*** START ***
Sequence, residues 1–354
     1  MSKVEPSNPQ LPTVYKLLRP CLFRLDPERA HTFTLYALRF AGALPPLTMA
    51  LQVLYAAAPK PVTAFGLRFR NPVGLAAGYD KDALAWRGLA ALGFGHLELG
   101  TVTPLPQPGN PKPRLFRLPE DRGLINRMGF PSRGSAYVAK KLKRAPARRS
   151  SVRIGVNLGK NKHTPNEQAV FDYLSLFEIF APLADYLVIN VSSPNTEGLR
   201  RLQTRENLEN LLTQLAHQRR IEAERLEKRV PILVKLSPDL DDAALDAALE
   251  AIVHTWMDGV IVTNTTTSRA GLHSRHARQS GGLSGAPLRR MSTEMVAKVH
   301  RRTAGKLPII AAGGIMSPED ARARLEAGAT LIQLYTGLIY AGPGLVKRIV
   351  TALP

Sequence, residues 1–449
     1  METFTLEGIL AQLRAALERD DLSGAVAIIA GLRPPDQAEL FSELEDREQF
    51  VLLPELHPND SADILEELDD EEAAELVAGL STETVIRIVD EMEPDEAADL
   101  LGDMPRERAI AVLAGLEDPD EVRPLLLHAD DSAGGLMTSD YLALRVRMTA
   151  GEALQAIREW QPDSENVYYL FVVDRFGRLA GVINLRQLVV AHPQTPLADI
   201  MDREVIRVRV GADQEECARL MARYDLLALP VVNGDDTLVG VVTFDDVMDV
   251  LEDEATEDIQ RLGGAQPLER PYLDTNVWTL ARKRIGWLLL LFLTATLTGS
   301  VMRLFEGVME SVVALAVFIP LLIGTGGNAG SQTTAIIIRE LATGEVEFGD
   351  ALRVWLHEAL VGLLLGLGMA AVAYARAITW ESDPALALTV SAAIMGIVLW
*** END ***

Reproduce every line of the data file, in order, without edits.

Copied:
Sequence, residues 1–354
     1  MSKVEPSNPQ LPTVYKLLRP CLFRLDPERA HTFTLYALRF AGALPPLTMA
    51  LQVLYAAAPK PVTAFGLRFR NPVGLAAGYD KDALAWRGLA ALGFGHLELG
   101  TVTPLPQPGN PKPRLFRLPE DRGLINRMGF PSRGSAYVAK KLKRAPARRS
   151  SVRIGVNLGK NKHTPNEQAV FDYLSLFEIF APLADYLVIN VSSPNTEGLR
   201  RLQTRENLEN LLTQLAHQRR IEAERLEKRV PILVKLSPDL DDAALDAALE
   251  AIVHTWMDGV IVTNTTTSRA GLHSRHARQS GGLSGAPLRR MSTEMVAKVH
   301  RRTAGKLPII AAGGIMSPED ARARLEAGAT LIQLYTGLIY AGPGLVKRIV
   351  TALP

Sequence, residues 1–449
     1  METFTLEGIL AQLRAALERD DLSGAVAIIA GLRPPDQAEL FSELEDREQF
    51  VLLPELHPND SADILEELDD EEAAELVAGL STETVIRIVD EMEPDEAADL
   101  LGDMPRERAI AVLAGLEDPD EVRPLLLHAD DSAGGLMTSD YLALRVRMTA
   151  GEALQAIREW QPDSENVYYL FVVDRFGRLA GVINLRQLVV AHPQTPLADI
   201  MDREVIRVRV GADQEECARL MARYDLLALP VVNGDDTLVG VVTFDDVMDV
   251  LEDEATEDIQ RLGGAQPLER PYLDTNVWTL ARKRIGWLLL LFLTATLTGS
   301  VMRLFEGVME SVVALAVFIP LLIGTGGNAG SQTTAIIIRE LATGEVEFGD
   351  ALRVWLHEAL VGLLLGLGMA AVAYARAITW ESDPALALTV SAAIMGIVLW